Category: Privacy

[Headline Redacted]

The Foreign Intelligence Surveillance Court of Appeals released a redacted version of its ruling from August 2008 upholding the constitutionality of a statute authorizing an intelligence program to wiretap international phone calls and intercept e-mail messages without a specific court order. In re: Directives [redacted text]* Pursuant to Section 105B of the Foreign Intelligence Surveillance Act (No. 08-01) The court… Read more →

IP Colloquium: Privacy in a Networked World

UCLA Law professor Doug Lichtman hosts The Intellectual Property Colloquium– a series of hour-long podcasts of conversations with leading legal thinkers about current issues in IP law. Professor Lichtman writes, “The conversation is about the legal rules that apply when sites like Facebook, LinkedIn, and MySpace gather private information from their users. Does Facebook have any liability, for instance, if… Read more →

Cultivating Online Personas

In New York Magazine, Rex Sorgatz lays out a few simple steps for finding internet fame, The Microfame Game and The New Rules of Internet Celebrity — New York Magazine: “It’s easy to be cynical about this new class of celebrity. The lines between empowerment and self-promotion, between sharing and oversharing, between community and cliques, can be blurry. You can… Read more →

Blockbuster Sued over Facebook Beacon Program

Remember Facebook’s Beacon program? That’s the program that uses Facebook user’s purchase information on partner websites to advertise those websites to the user’s social network. Here are a couple of posts on the controversy from David at Inside the Marketer’s Studio blog that explain the controversy: Facebook Social Ads Need an Opt-Out Facebook’s About Face on Social Ads (Finally) A… Read more →

Assorted Reading

Privacy and Anonymity Kevin F. Berry, Law.com: How to Unmask an Anonymous Blogger: “When does it make sense to spend the time and expense necessary to determine the identity of an anonymous blogger who is damaging the company?” New York Times: The Theater of the Street, the Subject of the Photograph: “The suit was dismissed last month by a New… Read more →

NSA Warrantless Electronic Surveillance Reading List

Here are some links discussing the Constitutionality of the Bush Administration’s warrantless electronic surveillance program as well as related issues: Congressional Research Service: Presidential Authority to Conduct Warrantless Electronic Surveillance to Gather Foreign Intelligence Information: “This memorandum lays out a general framework for analyzing the constitutional and statutory issues raised by the NSA electronic surveillance activity. It then outlines the… Read more →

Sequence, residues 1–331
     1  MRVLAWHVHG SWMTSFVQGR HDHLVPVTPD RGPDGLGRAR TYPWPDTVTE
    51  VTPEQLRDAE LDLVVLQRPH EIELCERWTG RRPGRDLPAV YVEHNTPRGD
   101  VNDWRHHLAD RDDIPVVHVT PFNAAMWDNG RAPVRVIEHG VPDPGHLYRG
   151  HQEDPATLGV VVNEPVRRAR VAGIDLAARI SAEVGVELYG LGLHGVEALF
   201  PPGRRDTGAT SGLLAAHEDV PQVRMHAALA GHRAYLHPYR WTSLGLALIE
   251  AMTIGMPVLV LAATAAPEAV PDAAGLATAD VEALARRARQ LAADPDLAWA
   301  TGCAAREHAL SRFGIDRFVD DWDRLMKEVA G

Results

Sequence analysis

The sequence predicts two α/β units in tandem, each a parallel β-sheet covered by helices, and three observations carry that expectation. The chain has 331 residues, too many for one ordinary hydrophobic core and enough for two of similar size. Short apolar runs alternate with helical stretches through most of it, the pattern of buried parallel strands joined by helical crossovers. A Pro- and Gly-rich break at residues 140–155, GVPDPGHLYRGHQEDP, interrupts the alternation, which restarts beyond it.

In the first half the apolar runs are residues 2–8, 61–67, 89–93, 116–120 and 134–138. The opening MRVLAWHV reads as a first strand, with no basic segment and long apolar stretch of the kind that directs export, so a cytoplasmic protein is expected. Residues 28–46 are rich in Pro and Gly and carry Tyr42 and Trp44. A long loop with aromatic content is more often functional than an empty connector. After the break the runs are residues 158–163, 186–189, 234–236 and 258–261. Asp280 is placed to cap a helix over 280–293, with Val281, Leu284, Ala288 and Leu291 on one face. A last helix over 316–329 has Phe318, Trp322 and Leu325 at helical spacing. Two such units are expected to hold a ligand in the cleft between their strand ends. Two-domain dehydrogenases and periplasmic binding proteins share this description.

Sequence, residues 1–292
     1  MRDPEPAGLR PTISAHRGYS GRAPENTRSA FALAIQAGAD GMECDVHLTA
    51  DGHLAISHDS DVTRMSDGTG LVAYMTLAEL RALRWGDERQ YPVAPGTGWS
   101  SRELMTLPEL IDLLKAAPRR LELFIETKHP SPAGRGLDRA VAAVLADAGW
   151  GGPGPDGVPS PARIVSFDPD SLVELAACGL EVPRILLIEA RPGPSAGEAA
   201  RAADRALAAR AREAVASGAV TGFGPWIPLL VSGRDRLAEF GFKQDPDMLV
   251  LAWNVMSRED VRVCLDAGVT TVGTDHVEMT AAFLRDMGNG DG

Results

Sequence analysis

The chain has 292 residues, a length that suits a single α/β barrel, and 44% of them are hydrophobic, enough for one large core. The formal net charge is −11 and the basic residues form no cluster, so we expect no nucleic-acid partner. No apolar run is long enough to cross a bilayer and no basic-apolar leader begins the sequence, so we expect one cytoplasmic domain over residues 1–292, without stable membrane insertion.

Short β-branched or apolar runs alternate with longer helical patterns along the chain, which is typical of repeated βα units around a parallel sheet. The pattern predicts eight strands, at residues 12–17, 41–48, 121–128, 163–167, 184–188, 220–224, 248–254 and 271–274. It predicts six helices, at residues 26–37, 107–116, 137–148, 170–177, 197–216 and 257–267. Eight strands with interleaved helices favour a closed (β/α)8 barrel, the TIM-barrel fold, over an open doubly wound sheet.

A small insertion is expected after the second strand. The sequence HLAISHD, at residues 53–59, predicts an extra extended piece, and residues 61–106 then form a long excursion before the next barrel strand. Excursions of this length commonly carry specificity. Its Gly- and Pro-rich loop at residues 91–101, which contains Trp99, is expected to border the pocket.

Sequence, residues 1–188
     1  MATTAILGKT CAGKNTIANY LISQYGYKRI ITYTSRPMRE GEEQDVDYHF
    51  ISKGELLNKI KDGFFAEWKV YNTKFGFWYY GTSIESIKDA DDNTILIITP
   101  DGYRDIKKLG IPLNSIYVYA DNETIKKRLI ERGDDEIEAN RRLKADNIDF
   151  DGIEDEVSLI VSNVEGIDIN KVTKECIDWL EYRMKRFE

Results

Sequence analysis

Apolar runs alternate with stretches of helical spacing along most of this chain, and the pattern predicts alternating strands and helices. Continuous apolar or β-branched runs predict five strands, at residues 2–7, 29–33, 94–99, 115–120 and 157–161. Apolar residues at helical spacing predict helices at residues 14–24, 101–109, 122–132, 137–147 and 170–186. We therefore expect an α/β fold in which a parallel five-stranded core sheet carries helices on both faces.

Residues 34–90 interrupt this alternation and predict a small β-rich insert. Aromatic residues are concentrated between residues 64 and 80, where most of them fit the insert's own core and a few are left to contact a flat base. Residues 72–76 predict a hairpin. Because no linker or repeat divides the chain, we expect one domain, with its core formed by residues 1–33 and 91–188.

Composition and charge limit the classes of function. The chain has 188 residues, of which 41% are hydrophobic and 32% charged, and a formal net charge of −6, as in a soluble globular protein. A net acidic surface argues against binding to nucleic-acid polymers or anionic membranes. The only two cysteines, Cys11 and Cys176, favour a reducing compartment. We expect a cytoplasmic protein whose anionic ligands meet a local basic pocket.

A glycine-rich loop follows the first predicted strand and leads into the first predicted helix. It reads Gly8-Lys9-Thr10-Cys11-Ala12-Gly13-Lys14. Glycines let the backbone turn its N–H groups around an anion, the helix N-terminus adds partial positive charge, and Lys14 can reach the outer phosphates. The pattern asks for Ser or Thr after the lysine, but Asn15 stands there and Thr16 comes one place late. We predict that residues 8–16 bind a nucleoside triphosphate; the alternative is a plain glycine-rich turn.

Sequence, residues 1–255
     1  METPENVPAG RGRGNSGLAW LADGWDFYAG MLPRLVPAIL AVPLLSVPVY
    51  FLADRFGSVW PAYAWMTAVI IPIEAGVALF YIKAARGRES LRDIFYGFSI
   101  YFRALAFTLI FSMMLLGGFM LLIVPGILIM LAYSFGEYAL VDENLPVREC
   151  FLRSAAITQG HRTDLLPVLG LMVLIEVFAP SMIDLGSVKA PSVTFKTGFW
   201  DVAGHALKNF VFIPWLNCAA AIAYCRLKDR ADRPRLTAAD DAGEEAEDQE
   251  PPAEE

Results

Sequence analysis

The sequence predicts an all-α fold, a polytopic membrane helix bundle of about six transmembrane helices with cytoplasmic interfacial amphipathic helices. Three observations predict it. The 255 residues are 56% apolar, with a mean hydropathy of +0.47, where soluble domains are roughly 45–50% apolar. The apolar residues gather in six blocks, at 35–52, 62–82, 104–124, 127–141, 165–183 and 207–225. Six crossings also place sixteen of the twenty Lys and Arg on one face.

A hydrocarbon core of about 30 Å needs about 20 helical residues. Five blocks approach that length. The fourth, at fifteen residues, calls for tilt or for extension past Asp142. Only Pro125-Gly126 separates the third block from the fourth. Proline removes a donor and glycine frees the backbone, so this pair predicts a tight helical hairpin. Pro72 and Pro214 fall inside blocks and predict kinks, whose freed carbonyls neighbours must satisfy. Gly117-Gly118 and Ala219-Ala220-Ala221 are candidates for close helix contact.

Washingtonienne Privacy Lawsuit

Julie Hilden: Are Accounts of Consensual Sex a Violation of Privacy Rights? The Lawsuit Against the Blogger “Washingtonienne”: Jessica Cutler – better known as ‘Washingtonienne’ — achieved notoriety with a web log (‘blog’) about her sexual exploits, written while she was a staffer for U.S. Senator Michael DeWine of Ohio. When her identity became known, Cutler was fired – but… Read more →

Data Aggregators Aggregate Errors

Privacy Activism: Data Aggregators: A Study on Data Quality and Responsiveness This study examined the quality of data provided by ChoicePoint and Acxiom, two of the largest consumer data brokers in the United States, as well as their responsiveness to consumer requests – and found significant areas of concern in both areas.                                    100% of the reports given out by… Read more →

Identity Theft for Fun and Profit

bIPlog’ Tara Wheatland explains how much of the news reporting has completely missed the point of the ChoicePoint scandal– it is not hacking, but the company’s practices and policy. Un-Spinning the ChoicePoint Scandal: The persons, admittedly criminals, who gained access to “critical personal data” on hundreds of thousands of U.S. citizens did not steal the data–ChoicePoint sold it to them.…… Read more →

The value of disclosure requirements

Bruce Schneier notes that only a California information privacy statute forced Choicepoint to disclose the fact that it shared consumers’ personal information with a group of criminals. Schneier on Security: ChoicePoint This story would have never been made public if it were not for SB 1386, a California law requiring companies to notify California residents if any of a specific… Read more →